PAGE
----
Track and visualize all of your online store KPIs like sales, orders placed, best-selling products (and more!) with Databox.
Integrations | Mar 22
Boris Sagadin on September 27, 2016 • 6 minute read
To start off, here’s what Amazon is saying about Redshift:
Amazon Redshift is a fast, fully managed, petabyte-scale data warehouse solution that makes it simple and cost-effective to efficiently analyze all your data using your existing business intelligence tools.
If you’d like to learn more about the tool itself, please read this. Amazon Redshift takes its roots from a very popular open source database, PostgreSQL 8.0.2. It has a strong focus on scalability. Common setup is a clustered environment with a leader node. It follows a MPP (Massively Parallel Processing) architecture, which means that all operations are executed with as much parallelism as possible.
At the moment, MySQL, PostgreSQL, Microsoft Azure SQL and Amazon Redshift are supported out of the box on Databox. You have the data ready in your database, now it just needs to get visualized in an easy and concise manner so everyone – even your boss – can use.
Let’s get started!
What Will We Accomplish in This Tutorial?
Firstly, we’ll setup a new AWS Redshift cluster from scratch, then we’ll connect it to Databox and confirm that the connection is working. Lastly, we will create a Datacard visualizing the data from the cluster. All this without a single line of code, except for the SQL query.
In this section, we will create a new AWS Redshift cluster step-by-step, add a user and setup network rules to allow access from our IP (
Login to AWS Console, then visit Services / Redshift and click on ‘Launch Cluster’ and fill-in the cluster details:
Fill the form as needed; defaults are fine in this example. Pick a secure password.
Now choose the Node Type; for this example, we’ll use the weakest one:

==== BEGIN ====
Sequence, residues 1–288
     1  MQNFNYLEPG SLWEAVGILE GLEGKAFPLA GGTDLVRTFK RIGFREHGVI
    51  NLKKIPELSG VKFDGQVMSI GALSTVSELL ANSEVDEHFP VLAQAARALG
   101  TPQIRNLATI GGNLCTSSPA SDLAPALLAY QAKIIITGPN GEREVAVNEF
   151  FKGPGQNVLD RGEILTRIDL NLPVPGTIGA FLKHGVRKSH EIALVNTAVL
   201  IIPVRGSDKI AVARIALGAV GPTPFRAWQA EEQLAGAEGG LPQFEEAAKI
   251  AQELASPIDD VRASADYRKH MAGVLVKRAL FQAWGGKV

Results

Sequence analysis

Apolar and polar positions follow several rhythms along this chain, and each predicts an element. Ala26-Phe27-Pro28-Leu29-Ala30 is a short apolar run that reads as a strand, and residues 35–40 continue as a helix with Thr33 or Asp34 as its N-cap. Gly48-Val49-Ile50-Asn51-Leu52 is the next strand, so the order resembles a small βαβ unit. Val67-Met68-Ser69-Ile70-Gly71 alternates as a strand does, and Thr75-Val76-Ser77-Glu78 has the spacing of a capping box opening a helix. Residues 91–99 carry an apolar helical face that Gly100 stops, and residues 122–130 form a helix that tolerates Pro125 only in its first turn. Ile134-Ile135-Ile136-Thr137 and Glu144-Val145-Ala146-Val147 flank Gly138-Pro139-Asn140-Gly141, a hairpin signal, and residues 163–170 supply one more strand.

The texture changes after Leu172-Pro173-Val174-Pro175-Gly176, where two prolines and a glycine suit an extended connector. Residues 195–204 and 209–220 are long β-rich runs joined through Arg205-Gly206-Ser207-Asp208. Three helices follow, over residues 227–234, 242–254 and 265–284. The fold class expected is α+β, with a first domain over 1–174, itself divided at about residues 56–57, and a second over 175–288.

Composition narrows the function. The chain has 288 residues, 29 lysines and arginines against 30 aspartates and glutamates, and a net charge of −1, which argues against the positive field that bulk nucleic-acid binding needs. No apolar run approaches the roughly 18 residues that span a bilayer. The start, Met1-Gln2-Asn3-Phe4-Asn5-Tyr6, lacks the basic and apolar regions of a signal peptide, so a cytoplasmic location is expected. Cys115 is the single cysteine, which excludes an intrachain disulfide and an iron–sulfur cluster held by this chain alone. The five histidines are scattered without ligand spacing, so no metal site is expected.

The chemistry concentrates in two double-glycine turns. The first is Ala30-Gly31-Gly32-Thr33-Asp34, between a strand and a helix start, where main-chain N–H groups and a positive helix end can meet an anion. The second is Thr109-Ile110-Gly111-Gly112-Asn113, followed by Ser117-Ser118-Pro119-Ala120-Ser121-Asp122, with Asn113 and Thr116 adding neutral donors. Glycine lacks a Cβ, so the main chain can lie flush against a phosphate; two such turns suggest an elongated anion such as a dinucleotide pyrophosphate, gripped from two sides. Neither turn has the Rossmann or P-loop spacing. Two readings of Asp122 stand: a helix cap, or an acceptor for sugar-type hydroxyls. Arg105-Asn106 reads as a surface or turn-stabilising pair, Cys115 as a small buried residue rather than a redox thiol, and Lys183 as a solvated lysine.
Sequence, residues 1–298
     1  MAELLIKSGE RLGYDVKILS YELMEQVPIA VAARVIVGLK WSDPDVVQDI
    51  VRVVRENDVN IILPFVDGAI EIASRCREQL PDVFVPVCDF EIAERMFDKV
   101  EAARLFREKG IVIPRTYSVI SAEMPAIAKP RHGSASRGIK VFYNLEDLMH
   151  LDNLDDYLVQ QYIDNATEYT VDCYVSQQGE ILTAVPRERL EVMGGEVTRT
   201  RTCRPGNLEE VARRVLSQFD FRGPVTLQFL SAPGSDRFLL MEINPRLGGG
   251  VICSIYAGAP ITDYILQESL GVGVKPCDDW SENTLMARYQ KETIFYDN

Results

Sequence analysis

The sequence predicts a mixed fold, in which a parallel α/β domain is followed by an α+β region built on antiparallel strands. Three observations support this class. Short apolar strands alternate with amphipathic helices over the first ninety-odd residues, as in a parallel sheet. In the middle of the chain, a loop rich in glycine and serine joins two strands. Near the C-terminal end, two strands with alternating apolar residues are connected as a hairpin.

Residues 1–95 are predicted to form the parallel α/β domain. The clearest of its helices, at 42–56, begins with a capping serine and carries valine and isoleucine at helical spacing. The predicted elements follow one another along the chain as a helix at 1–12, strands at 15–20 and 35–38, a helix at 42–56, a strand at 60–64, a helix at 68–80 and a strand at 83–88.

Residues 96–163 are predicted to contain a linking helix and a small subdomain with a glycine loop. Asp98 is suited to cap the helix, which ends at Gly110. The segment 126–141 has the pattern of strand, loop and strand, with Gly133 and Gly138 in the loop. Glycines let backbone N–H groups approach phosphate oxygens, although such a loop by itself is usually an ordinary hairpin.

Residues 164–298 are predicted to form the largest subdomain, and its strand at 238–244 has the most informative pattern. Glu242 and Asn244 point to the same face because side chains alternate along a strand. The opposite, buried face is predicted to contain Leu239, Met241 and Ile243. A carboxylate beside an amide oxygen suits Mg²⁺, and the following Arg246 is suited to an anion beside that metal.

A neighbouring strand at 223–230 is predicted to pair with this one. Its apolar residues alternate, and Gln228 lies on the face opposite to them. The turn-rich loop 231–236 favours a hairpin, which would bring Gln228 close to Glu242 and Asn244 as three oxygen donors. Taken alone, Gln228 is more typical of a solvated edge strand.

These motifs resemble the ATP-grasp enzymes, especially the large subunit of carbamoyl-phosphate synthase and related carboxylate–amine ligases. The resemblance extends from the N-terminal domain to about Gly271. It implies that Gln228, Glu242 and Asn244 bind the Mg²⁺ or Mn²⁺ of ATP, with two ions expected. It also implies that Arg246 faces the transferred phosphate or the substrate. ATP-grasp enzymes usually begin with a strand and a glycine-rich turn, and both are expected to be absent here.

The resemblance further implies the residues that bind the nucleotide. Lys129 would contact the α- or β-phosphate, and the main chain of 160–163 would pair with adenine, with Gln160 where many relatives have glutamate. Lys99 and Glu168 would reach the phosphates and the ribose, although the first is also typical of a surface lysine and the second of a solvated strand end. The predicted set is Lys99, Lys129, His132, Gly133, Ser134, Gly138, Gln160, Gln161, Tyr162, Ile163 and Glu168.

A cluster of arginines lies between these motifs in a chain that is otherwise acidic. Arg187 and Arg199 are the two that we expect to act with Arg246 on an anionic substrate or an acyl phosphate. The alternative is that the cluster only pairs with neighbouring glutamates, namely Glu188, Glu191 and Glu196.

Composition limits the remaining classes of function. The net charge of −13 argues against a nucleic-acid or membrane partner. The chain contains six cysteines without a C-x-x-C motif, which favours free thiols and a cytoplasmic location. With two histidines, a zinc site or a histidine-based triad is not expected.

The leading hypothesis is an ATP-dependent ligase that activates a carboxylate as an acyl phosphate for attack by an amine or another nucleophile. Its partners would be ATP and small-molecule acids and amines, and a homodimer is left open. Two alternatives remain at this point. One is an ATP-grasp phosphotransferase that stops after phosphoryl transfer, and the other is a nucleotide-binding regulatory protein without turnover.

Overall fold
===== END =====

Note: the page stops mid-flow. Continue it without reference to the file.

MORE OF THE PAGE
Single Node Cluster Type.
On the next page, your screen settings will also depend on your network setup; most of the defaults are fine for this example.
Review your settings and click on ‘Launch Cluster.’ Your cluster will take some time to build. When it’s ready, click on ‘Cluster Name’ and the cluster overview will be shown. Hostname to connect to will also be visible from Endpoint string:
In our example, hostname is
Your server should now be successfully set up to accept requests from our IP (
126.96.36.199) to your Amazon Redshift cluster database, using your chosen user name and password. Go ahead and load some sample data and it’s ready for connecting to Databox.
The database cluster is now ready! The next step is to connect it and test it’s returning the data we need for our visualizations:
Great! You have just successfully connected your database to Databox. In the next step, we’ll write a custom query that will regularly fetch data from your database and make it available for use in any Datacard.
Troubleshooting: If you get a “wrong credentials” message, double-check your user data. If you’re stuck on ‘Activate’ for a minute or so, it’s probably having issues connecting to your database host due to firewall / server / networking issues.
Now that the database is connected, we will use the Designer to query, shape and display the data in a format that’s most appropriate and useful for our needs:
SELECT COUNT(p.ID) AS posts, u.display_name, p.date AS date FROM dbwp_users u, dbwp_posts p WHERE p.post_author = u.ID AND p.post_type = 'post' GROUP BY u.ID
We have just written a custom SQL query and displayed its results. Databox will continuously, each hour, fetch data from this resource and store it in the selected target data source (in our example ‘My AWS Redshift’).
Each query must contain a date column containing a valid date, named
date. Let’s take a following SQL query for example:
SELECT salary_date AS date, salary FROM employees
In table employees we have a date column named
salary_date. As Databox expects column with a name
date, we select our
salary_date column as date.
Salary is another column, containing a number, column name will be pushed as metric key named
salary. This query is valid and can be pushed to Databox.
Troubleshooting: If you don’t see any data, double-check your SQL query, try it directly on your database. If it’s not displaying results there, you have an error somewhere in your query. Also check that the AWS Redshift user has necessary permissions to access the database from Databox IP.
Well done! Your AWS Redshift database is now connected to Databox, queries can be executed and then displayed on your mobile / big screen / computer.
Go ahead and explore further. Add more queries, add blocks, explore different types of visualizations. Make that perfect Datacard (or Datawall of course) you always needed but didn’t know how to get. Now you can! Clean and professional, right at your fingertips. Only data that matters, without clutter. The possibilities are truly endless.
Ready to try it for yourself? Signup for free today and let us know how it went for you.
Remember: we’re always glad to help if you run into any obstacles!
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